Urgently Needed: A “New” New Deal in America
James “Jim” Johnson, Jr., Ph.D.
The coronavirus pandemic has totally disrupted the American economy, shutting down businesses, idling workers and sending the stock market into a tailspin. Although the pandemic is far from over, concern over the attendant economic malaise is creating enormous angst and fostering intense political discourse regarding “reopening” the economy.
While the most appropriate time to reopen the economy is debatable, one thing is clear: The economy as we knew prior to the pandemic is unlikely to return. The $2 trillion stimulus package and other financial tools the federal government is leveraging, while unquestionably necessary and urgently needed, will not be adequate to fully revive the U.S. economy and put Americans back to work.
Despite federal loans and grants to weather the pandemic-induced vagaries, many small businesses will find it difficult, if not impossible, to survive and prosper in the aftermath of the pandemic, which will permanently ide workers and adversely affect the supply chains that supported their operations. Fully one-half of small businesses, according to JP Morgan Chase, have only fifteen days of cash on hand to buffer any loss.
If we are to return to any sense of normalcy, America needs a “New” New Deal, one that focuses laser like on fixing spaces and places in our economic system. Not just roads, bridges, airports, seaports, and broadband access issues that undergird the nation’s digital divide. But, also, sick buildings—aging and structurally deteriorating houses, schools and public venues—that expose residents and the public to a host of environmental hazards (mold, mildew, asbestos and lead) that suppress the immune system and substantially reduce life expectancy.
In America, these problems are most evident in hyper-segregated and concentrated-poverty neighborhoods and communities. African Americans and other people of color disproportionately inhabit these areas, which are proving to be hotspots for coronavirus infections and deaths.
A “New” New Deal requires a comprehensive review of existing federal, state and local government policies and regulations governing land-use as well as all types of development (residential, retail, commercial, etc.). Moving forward all development and redevelopment projects must adhere to the triple-bottom-line-principles of sustainability. That is, they must minimize—to the maximum extent possible—adverse impacts on natural resources and the physical environment; adhere to principles of social justice; and, in the process, return equitable shareholder/stakeholder value.
We can leverage a host of “equity tools” to achieve these desired outcomes. In striving to create diverse, healthy and viable neighborhoods and communities, for example, it is vitally important to abandon exclusionary zoning regulations that support segregation or not-in-my-back-yard (NIMBY) behaviors and embrace inclusionary zoning polices that promote integration or YIMBY.
The “New” New Deal for America also must create an inclusive supply-chain management system that levels the playing field for historically underutilized businesses that aspire to access government contracts—in this instance, to fix the nation’s deteriorating spaces and places. However, we must not position supplier diversity in contracting and procurement solely as a compliance issue or legal requirement under equal opportunity laws. It also—and perhaps more importantly—must be framed as a strategic business imperative in an increasingly more diverse—racially, ethnically and socioeconomically—society and marketplace.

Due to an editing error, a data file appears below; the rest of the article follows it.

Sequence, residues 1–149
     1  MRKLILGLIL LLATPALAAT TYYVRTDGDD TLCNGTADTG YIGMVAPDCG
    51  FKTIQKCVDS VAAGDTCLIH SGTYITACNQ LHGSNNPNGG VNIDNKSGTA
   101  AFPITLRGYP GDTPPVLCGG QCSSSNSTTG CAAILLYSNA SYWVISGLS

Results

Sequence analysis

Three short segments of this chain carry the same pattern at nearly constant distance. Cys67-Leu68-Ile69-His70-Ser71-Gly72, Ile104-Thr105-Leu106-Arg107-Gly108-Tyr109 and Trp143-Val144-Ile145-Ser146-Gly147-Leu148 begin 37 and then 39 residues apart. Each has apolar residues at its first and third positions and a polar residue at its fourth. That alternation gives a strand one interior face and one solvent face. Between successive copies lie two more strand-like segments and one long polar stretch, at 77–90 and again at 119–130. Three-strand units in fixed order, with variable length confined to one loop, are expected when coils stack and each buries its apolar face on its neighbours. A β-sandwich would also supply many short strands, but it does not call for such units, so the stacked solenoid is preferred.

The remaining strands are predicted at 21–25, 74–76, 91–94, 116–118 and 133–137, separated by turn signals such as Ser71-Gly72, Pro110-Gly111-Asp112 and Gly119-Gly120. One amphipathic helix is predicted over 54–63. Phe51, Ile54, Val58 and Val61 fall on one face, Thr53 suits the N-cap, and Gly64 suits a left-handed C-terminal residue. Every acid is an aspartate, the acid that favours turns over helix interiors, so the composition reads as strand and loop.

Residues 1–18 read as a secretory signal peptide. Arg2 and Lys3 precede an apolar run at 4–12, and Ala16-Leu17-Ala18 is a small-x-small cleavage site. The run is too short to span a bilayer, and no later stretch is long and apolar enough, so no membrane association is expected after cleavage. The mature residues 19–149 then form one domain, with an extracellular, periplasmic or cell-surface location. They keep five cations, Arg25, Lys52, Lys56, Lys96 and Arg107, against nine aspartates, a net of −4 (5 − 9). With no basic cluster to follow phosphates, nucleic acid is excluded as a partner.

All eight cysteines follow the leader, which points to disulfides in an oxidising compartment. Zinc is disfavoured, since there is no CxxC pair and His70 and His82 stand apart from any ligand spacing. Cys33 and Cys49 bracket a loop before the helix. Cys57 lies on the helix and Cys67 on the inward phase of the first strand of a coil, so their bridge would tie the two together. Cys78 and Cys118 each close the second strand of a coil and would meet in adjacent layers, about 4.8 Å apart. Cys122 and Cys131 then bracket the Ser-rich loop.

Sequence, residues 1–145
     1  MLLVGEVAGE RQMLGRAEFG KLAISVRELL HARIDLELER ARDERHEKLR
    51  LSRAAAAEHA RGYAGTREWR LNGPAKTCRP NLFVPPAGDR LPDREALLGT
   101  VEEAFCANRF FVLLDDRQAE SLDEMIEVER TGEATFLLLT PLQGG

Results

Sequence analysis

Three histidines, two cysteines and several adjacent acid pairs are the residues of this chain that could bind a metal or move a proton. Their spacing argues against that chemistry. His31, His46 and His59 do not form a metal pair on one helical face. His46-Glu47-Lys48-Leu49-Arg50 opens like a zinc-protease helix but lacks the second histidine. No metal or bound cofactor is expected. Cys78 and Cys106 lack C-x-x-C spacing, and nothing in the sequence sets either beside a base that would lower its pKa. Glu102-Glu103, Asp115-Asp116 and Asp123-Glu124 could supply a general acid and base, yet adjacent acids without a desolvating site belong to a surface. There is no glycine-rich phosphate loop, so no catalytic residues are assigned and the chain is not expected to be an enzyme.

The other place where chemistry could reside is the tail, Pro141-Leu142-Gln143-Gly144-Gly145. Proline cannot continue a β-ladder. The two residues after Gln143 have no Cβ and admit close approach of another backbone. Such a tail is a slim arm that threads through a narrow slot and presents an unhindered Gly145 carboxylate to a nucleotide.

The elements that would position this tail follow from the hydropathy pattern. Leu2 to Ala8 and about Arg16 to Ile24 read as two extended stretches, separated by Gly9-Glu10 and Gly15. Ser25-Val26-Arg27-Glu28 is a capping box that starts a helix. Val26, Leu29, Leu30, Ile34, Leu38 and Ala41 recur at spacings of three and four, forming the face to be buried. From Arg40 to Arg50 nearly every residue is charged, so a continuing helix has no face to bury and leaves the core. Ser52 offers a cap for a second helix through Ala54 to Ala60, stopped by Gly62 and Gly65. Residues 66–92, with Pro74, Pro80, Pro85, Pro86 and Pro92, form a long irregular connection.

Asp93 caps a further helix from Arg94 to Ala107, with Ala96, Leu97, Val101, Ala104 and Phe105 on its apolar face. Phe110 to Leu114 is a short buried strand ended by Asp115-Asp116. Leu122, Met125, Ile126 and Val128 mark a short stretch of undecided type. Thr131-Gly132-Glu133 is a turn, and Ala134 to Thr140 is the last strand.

We know that minority suppliers are more likely than majority suppliers to hire minority workers. Thus, it is reasonable to surmise that an inclusive system of contracting and procurement will address another critical issue: the enormous under-representation of people of color in some economic sectors like transportation.
Additionally, the “New” New Deal must dismantle barriers to economic participation in the American enterprise system. Many of the known barriers are the product of discriminatory policymaking, especially in the areas of crime and criminal justice, which disproportionately affect people of color, in general, and black males in particular. By eliminating such barriers, we can begin to solve America’s inequality problem and rebuild the nation’s middle class in the process.
Finally, we need to mobilize collective ambition to successfully execute the “New” New Deal. There are two critical elements to building collective ambition around such a policy intervention: collaborative engagement of diverse stakeholders and disciplined execution of strategy. In the words of Jim Collins, author of “Good to Great,” we need to make sure every American—irrespective of political affiliation—is on the “New” New Deal bus, seated in the right seat and headed in the right direction to ensure successful implementation with fidelity. We build collective ambition by helping America’s diverse citizenry recognize both the personal and societal benefits of such an initiative. This is a surefire way for America to regain its greatness.
James H. Johnson, Jr. is the William Rand Kenan, Jr. Distinguished Professor of Entrepreneurship & Strategy at the Kenan-Flagler Business School at UNC-Chapel Hill and Director of the Urban Investment Strategies Center at the Frank Hawkins Kenan Institute of Private Enterprise. Wendell M. Davis is the Chief Executive Officer of Durham County Government.